Not to play on stereotypes, but if Turkcell ($TKC) were a government and not a private company, a cabal of stone-faced Turkish generals would have surrounded its headquarters with tanks months ago and forcibly taken over its board of directors.

And if they had, you could bet that the share price would have enjoyed a nice rally. The battle for control of Turkcell’s board—which has prevented the company from paying a dividend in over two years—has exhausted investor patience to the point that a coup d’état (or perhaps a coup de compagnie?) would seem appealing.

Investors may get their way, though alas, there will be no tanks. After a special shareholder meeting scheduled for June 29 failed to materialize, Turkish Transport Minister Binali Yildirim told Reuters that the government may soon intervene in the public interest.

The Turkish state certainly has the grounds to intervene. The Capital Markets Board, the Turkish markets regulator, warned Turkcell earlier in June that it had failed to comply with new rules requiring at least three independent board members. And why is Turkcell out of compliance? Because the two major shareholder factions can’t agree on who qualifies as an “independent” board member, and no one wants to give a vote to the “other guys.” Sigh….

For those new to this little bit of boardroom drama, two major shareholder groups are vying for control of the company, but neither currently has enough votes on the board of directors to prevail. The court cases that have ensued have spanned the globe, even ending up in locales as remote as the British Virgin Islands and Britain’s Privy Council.

The board drama has been a major distraction for the company and has impaired its long-term strategic planning, but it hasn’t slowed down the company’s operating results, which continue to be strong. Turkcell is widely praised for its Western-educated executive team and consistently ranks high among European peers for customer service quality. (Yes, you read that right. I said “European” and not “emerging market.” Turkcell punches above its weight.)

The proof is in the pudding. In the first quarter of 2012, Turkcell enjoyed year-over-year revenue growth of 12.3% and profit growth of 56.0% (see investor presentation).

Even better, the sales mix is shifting in Turkcell’s favor. The company enjoyed 35% year-over-year growth in smartphone sales, with the lucrative data plans that this implies, and the subscriber mix (which, like many emerging market providers, is weighted heavily towards pre-paid customers) continues its shift to post-paid contract customers.

Though the boardroom fiasco is no doubt keeping a lid on Turkcell’s share price, its moves have not been out of line with the broader Turkish market (see chart). Turkcell and the iShares MSCI Turkey ETF ($TUR) have moved in virtual lockstep since hitting a bottom in early June.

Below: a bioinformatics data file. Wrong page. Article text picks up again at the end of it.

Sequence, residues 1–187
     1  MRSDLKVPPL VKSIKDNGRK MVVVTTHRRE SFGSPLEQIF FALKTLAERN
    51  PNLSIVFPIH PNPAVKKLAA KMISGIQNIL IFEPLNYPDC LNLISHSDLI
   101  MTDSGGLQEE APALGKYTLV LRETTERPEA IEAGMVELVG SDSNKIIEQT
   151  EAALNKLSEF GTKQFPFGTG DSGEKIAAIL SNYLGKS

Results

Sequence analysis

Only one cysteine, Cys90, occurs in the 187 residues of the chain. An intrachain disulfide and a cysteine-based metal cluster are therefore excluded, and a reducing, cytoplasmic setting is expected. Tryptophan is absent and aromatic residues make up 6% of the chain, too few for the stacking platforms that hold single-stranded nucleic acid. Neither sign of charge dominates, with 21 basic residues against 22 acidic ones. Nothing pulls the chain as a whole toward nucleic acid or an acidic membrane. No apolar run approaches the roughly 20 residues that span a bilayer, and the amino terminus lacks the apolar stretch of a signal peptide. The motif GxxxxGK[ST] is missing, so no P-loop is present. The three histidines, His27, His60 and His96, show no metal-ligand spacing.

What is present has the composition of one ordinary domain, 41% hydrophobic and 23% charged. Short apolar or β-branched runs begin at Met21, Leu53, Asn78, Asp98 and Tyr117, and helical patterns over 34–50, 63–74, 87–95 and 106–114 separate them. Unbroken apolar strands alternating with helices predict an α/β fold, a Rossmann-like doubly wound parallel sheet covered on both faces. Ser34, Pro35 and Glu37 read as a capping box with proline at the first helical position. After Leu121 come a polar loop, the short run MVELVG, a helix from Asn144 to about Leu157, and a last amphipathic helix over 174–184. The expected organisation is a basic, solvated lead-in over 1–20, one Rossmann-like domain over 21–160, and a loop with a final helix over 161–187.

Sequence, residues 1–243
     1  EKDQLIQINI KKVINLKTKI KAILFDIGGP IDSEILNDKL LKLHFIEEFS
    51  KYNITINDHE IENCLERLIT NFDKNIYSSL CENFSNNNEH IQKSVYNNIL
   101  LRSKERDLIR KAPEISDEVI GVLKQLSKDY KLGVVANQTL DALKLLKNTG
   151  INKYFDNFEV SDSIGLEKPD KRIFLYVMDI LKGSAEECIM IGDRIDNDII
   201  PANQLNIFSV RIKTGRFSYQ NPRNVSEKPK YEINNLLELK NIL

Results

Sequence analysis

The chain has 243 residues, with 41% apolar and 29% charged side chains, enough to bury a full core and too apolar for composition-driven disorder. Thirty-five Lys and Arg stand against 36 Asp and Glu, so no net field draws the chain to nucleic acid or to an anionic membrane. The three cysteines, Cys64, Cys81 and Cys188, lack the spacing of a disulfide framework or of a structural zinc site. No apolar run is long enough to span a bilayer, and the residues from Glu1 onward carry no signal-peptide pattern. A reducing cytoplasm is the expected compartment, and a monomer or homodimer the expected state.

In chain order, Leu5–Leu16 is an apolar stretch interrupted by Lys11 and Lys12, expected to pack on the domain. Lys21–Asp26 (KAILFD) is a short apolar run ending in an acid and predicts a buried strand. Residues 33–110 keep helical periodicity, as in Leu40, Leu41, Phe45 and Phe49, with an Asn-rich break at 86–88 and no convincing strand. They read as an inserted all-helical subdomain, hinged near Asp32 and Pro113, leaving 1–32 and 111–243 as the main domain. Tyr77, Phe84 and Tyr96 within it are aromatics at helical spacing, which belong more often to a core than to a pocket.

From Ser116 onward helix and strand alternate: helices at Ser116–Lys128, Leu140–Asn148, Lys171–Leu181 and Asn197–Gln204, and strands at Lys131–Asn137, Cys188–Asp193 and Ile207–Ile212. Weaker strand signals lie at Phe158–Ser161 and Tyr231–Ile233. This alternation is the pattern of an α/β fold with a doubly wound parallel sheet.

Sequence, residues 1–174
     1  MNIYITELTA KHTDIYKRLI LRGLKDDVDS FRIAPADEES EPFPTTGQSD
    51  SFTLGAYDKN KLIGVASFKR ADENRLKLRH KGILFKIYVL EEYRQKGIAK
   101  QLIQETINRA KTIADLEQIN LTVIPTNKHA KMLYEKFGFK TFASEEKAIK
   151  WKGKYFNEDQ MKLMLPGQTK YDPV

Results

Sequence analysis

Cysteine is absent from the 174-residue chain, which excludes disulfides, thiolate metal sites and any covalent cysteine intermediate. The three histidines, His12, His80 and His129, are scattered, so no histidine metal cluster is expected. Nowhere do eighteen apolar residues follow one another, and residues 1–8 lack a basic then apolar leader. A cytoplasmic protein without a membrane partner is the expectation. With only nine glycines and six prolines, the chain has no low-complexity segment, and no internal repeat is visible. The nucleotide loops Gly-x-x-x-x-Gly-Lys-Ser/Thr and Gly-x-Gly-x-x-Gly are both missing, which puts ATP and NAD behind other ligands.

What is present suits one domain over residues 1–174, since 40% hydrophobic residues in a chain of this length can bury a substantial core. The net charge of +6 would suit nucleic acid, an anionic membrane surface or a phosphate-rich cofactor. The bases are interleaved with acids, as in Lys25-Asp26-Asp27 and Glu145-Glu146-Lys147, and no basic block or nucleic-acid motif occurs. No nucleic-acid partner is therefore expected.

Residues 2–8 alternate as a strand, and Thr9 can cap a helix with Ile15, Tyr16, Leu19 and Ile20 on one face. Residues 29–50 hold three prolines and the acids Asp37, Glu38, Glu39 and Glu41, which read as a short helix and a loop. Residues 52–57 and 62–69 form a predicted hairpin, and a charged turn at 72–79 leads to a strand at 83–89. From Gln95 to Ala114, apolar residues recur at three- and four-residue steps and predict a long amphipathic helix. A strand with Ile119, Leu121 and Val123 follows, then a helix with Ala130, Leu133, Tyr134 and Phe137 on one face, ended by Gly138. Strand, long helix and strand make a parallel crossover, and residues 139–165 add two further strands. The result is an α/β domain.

Turkcell remains one of my favorite plays on the rise of the emerging market consumer, and I consider the stock to be very attractively priced. Shares trade for just 10 times forward earnings, and the company has very little debt.

The board impasse will be broken—eventually. And when it is, investors can expect a modest dividend windfall.

Until then, they will have to be content with owning an emerging-market gem with great growth prospects trading at a modest earnings multiple. Come to think of it, that doesn’t sound so bad.

Disclosures: TKC is held in Sizemore Capital accounts.

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Disclaimer: This material is provided for informational purposes only, as of the date hereof, and is subject to change without notice. This material may not be suitable for all investors and is not intended to be an offer, or the solicitation of any offer, to buy or sell any securities nor is it intended to be investment advice. You should speak to a financial advisor before attempting to implement any of the strategies discussed in this material. There is risk in any investment in traded securities, and all investment strategies discussed in this material have the possibility of loss. Past performance is no guarantee of future results. The author of the material or a related party will often have an interest in the securities discussed. Please see Full Disclaimer for a full disclaimer.

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The 10 Best Stocks for 2012

Charles Sizemore, the winner of InvestorPlace’s “10 Stocks for 2011” contest, offers his favorite stock for 2012.  Read about Charles’ pick and the other contestants below.

Wondering what the best stocks to buy for next year are? Well, look no further than the 10 Best Stocks for 2012.

This InvestorPlace feature lists 10 long-term investments from a group of money managers, market experts and financial journalists. The 10 Best Stocks for 2012 is meant to provide buy-and-hold picks you can purchase now and sit on for a year — ideally, winding up richer on the other side.